There is a church in Washington, D.C. called the Church of the Savior that is extremely difficult to join. In this age when most churches are desperate for new members, the Church of the Savior actually discourages people who express an interest in membership. That church has a long list of requirements for prospective members: first you must…first you must…first you must. They actually come closer to the ideal of truth in advertising than most other churches, because their new members know the kind of commitment they will have to make as disciples. Perhaps the rest of us should be a little more honest with our prospective members, following the full-disclosure policy of Jesus himself.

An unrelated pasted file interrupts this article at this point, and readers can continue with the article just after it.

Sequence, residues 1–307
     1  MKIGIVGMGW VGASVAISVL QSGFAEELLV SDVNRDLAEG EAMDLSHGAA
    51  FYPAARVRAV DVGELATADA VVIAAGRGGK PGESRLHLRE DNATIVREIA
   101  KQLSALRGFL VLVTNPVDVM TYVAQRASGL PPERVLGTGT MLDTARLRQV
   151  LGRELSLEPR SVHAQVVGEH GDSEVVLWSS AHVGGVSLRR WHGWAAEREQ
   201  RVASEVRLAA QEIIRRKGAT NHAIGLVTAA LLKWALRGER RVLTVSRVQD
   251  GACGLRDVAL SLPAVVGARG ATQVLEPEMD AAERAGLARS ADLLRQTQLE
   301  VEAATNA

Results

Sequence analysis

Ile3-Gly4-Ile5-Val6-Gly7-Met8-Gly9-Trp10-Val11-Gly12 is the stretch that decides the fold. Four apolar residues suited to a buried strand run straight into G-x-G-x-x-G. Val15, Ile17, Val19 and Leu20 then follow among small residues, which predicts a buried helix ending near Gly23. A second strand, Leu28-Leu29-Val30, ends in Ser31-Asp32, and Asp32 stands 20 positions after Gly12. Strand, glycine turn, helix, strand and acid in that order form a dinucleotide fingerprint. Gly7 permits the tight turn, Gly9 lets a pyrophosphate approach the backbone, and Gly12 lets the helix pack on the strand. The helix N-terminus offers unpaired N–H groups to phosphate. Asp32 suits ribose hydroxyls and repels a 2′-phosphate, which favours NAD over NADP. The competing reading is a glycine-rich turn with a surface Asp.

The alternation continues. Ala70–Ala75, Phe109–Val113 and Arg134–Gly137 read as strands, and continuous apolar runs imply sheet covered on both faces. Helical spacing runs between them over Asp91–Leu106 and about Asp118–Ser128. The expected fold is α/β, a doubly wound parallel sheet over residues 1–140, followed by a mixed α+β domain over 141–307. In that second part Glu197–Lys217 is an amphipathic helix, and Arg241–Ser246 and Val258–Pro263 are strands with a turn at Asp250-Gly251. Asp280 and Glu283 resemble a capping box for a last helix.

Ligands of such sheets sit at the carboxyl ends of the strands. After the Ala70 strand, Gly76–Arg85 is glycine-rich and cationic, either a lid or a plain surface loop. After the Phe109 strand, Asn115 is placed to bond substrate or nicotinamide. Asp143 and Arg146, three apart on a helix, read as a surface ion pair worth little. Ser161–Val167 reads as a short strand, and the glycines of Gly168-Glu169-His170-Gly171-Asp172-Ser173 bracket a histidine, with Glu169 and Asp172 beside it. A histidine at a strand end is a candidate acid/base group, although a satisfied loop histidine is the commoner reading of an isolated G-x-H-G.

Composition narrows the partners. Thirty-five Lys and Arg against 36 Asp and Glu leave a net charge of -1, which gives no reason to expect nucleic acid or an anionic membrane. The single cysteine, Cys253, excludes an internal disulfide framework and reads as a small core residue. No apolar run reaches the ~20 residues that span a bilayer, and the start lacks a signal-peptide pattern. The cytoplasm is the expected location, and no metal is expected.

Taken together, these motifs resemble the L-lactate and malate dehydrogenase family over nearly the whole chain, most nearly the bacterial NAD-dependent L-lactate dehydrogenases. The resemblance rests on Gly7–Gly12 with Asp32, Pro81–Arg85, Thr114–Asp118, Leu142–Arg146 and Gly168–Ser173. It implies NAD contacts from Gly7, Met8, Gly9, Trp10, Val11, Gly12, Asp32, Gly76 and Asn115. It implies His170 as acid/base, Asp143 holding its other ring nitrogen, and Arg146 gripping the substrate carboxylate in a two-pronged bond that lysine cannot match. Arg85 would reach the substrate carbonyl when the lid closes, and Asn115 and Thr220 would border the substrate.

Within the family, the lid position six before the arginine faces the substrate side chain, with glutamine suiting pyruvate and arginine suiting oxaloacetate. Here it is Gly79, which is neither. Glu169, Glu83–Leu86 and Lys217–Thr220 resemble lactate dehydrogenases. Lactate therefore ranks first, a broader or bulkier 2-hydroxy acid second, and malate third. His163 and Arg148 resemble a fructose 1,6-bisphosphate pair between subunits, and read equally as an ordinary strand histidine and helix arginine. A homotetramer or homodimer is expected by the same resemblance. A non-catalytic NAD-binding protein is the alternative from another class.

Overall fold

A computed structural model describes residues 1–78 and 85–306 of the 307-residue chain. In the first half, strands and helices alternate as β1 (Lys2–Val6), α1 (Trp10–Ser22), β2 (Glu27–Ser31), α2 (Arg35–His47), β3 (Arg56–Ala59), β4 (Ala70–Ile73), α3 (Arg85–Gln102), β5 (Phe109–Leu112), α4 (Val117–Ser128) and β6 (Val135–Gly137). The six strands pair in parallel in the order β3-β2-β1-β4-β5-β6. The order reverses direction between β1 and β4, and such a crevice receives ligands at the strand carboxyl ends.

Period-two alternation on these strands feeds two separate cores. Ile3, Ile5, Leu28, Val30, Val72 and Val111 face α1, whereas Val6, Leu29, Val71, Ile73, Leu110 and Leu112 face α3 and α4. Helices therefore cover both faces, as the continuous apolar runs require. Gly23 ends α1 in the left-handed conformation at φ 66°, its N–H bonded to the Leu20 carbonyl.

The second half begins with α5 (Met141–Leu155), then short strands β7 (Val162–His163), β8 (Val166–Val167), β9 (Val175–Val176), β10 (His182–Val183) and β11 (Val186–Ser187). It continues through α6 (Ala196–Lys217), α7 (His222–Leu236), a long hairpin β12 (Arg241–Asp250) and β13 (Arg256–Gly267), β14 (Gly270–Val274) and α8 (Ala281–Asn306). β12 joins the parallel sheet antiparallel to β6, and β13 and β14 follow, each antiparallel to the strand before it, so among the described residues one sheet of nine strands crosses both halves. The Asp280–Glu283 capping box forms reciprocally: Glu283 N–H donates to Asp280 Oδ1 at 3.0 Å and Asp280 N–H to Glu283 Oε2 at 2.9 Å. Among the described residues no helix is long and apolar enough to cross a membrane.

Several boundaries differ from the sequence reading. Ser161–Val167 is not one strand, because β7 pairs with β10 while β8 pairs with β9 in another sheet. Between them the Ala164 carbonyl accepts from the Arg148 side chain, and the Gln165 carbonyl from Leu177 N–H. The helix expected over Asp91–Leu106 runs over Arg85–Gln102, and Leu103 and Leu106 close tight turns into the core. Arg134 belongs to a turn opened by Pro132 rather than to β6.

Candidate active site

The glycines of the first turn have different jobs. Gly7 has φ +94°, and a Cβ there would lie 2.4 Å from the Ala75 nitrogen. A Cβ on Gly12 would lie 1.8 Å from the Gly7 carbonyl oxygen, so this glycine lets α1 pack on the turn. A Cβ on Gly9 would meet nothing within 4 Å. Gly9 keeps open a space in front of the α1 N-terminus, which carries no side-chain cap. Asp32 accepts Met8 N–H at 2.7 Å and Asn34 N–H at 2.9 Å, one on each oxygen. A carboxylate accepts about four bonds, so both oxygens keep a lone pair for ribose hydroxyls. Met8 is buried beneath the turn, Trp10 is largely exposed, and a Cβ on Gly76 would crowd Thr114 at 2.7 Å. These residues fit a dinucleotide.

So, this is what I’ve decided to do from now on. At the top of all my ‘To Do’ lists I’m going to write “Follow Jesus” just so that I remember that this is my top priority each and every day. And when things appear further down the list that are an important part of what following Jesus means – like saying my prayers or offering forgiveness – I’m going to make sure that they get done and aren’t simply bumped onto the next day’s list. I’m going to try never to say to myself or to Jesus, “First let me…” I know this won’t be easy, but I’m going to try. How about you?